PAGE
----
any food on His leaf plate. He never allowed anybody o take away used banana leaf except Sama Iyer.

He would always sit with His legs stretched out.  He explained to Lalita that His legs were very weak because He had remained
sitting for long periods during His earlier days.  Whenever His legs gave Him pain, He Himself applied oil and massaged His legs.
He did not ask the help of anyone else to massage His legs.  Even though He did not say anything, it was clear from His behavior
that He did not like the traditional guru-sishya notion of service to the guru.

Whatever needed for the development of the Asramam, it would, by Sri Bhagavan's Grace, appear.  When Chinnaswami bemoaned
the scarcity of provisions, Sri Bhagavan would reply that he  need not worry and that everything would be alright. Very often
somebody would soon after bring in a cart from the railway station, carrying the required provisions whether bags of rice or say,
plantain leaves, or dhal.

contd.,

Arunachala Siva.         

Subramanian.R

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continues....

At the time of the planning of the Mother's temple, I was there during the discussions.  It was proposed to build  the temple,
in a simple style and Sri Bhagavan approved the plans.  During its construction, Sri Bhagavan inspected the work daily and
discussed with the Sthapathi, every stage of construction that is, should be done strictly according to Agama Sastras.  Sri
Bhagavan never discussed the financial aspects of the construction of the temple.  When the idol was to be placed, facing
east, it was Sri Bhagavan who marked the exact direction with His walking stick.

The exact direction could not be easily ascertained, but Bhagavan correctly measured the angle and geometrical location.
This was due to His Jnana Drishti, for He had never studied any Sastras. 

Everyday Mounaswami would bring the mail.  Sri Bhagavan would peruse carefully and tell him that replies to be sent
immediately.  When a radio was donated to the Asramam it was set up in the Old Hall for Sri Bhagavan to listen to the news.

When I heard that Sri Bhagavan was seriously ill in early 1950s, my wife and I came immediately to the Asramam.  Sri Bhagavan
was moved to the new room opposite Mother's Temple. His left arm was heavily bandaged.  My father in law, who was a
doctor, offered to treat Him.  But Sri Bhagavan refused to take any medical treatment, and only on strong persuasion did He
agree.  When my wife asked Him if e had any pain, Sri Bhagavan replied, 'The pain is only for the body and not for me.  You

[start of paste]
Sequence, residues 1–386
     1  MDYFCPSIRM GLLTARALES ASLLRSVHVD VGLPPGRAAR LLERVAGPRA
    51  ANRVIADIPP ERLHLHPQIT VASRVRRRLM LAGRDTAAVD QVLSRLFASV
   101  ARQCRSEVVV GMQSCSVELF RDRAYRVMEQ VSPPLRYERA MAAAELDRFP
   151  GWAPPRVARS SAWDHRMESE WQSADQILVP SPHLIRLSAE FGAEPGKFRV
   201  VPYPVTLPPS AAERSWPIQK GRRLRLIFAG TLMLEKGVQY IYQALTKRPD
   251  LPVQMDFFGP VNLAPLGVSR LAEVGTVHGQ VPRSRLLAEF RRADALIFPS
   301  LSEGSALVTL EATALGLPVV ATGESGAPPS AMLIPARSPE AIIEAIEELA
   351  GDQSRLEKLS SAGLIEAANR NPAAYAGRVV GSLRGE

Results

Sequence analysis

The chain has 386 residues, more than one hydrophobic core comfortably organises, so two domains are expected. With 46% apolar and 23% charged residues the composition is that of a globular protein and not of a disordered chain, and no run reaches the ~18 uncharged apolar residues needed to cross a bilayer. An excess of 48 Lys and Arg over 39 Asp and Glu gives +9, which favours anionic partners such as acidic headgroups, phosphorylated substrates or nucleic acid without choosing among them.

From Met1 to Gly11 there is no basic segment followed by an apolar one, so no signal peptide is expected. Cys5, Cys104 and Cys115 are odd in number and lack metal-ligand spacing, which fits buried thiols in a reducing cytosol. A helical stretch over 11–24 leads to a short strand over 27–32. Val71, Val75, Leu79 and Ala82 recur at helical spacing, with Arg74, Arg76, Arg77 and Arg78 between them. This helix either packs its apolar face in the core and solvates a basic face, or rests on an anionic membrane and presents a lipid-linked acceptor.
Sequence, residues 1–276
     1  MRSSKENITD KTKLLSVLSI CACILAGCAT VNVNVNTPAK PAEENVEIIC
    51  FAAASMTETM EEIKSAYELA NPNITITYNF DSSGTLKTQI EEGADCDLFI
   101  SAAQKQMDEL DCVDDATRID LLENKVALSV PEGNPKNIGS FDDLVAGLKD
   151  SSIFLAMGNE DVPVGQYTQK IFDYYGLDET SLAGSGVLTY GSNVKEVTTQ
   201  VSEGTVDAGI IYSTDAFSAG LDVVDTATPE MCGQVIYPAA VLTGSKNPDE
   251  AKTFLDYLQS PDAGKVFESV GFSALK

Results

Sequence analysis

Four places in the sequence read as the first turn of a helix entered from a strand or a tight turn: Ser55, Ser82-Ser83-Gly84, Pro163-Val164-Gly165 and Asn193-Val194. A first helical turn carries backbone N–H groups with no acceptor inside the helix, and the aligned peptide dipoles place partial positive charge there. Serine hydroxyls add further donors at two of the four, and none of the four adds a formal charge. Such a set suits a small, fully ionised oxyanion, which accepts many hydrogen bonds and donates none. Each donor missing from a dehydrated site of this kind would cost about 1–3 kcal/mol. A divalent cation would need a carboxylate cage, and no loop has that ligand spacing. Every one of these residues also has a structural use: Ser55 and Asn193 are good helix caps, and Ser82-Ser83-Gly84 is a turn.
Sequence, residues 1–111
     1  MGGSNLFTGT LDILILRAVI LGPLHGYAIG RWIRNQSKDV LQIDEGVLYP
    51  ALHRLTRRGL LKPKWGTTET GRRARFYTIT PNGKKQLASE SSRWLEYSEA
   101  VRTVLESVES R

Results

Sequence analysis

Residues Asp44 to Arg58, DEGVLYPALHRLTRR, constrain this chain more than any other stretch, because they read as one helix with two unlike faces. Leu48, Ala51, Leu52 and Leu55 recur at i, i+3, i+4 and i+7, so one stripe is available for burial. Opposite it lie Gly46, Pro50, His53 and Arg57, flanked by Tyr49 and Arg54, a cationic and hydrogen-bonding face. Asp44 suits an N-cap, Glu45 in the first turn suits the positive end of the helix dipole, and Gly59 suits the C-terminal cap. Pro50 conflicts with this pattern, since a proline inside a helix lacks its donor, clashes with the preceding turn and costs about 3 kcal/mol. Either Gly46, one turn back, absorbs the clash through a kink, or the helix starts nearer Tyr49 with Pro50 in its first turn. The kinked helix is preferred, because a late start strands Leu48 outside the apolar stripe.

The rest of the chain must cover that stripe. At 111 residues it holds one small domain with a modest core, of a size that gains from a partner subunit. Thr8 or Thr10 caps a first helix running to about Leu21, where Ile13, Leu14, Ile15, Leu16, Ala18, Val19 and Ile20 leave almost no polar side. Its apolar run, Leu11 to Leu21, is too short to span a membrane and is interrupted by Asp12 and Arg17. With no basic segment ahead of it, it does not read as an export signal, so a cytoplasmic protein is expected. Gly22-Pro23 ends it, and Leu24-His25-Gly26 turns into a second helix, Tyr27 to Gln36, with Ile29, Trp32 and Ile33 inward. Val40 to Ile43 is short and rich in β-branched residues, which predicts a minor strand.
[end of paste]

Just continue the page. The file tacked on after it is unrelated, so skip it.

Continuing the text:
should know this, as you have been coming for many years -- that the pain is not for me.  That is the teaching: that the body
and Self are different. ' 

This was two days before His Maha Nirvana.  We stayed here all those days and on the Mahanirvana day also.

continued....


Arunachala Siva.             

Subramanian.R

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continues.....

Much earlier, on learning about the growth above the left elbow, I came immediately to the Asramam, to be with Sri Bhagavan.
On seeing Sri Bhagavan's arm covered in a bandage, I cried aloud in grief.  Sri Bhagavan asked me, 'Why are you crying?'
I said, 'Seeing you suffer severe pain causes me much grief. '  He replied that the pain was only to the body and not for Him.
He also said that even though I had been coming to see Him for a long time, I did not seem to understand that the body and
the mind are separate. He gave different examples to explain this. 

He was happy and we could not see from His face that He was suffering.  He spoke to my wife.  He talked as usual.  Even
though almost nobody was allowed to go near Him, my wife was allowed to do so.  There seemed to be no change in Him and,
right until His nirvana day, He remained cheerful, so that many devotees did not realize that He would shed His mortal coil soon.

Just ten minutes before His end, He was sitting with His eyes closed and nobody was allowed to go near Him. My father in law
was not there then.  Everyone was alert knowing that something would happen.  Only five minutes after He left the body, did
we understand that He was no more.  There was no sign of shivering or heavy breathing.  The end was very natural.  We had
never thought the end would come on that particular day.  Immediately after His passing, there was silence for a minute but
afterwards cries of grief arose.  After two minutes people outside the Asramam saw a bright light. like a star, going towards
the Hill.  It lasted for two or three minutes. It was like a flame of a burning torch. It went to the top of the Hill and disappeared
in the sky.  It was reddish yellow in color.

The following day Sri Bhagavan's Samadhi ceremony was completed by the evening.

concluded.

Arunachala Siva.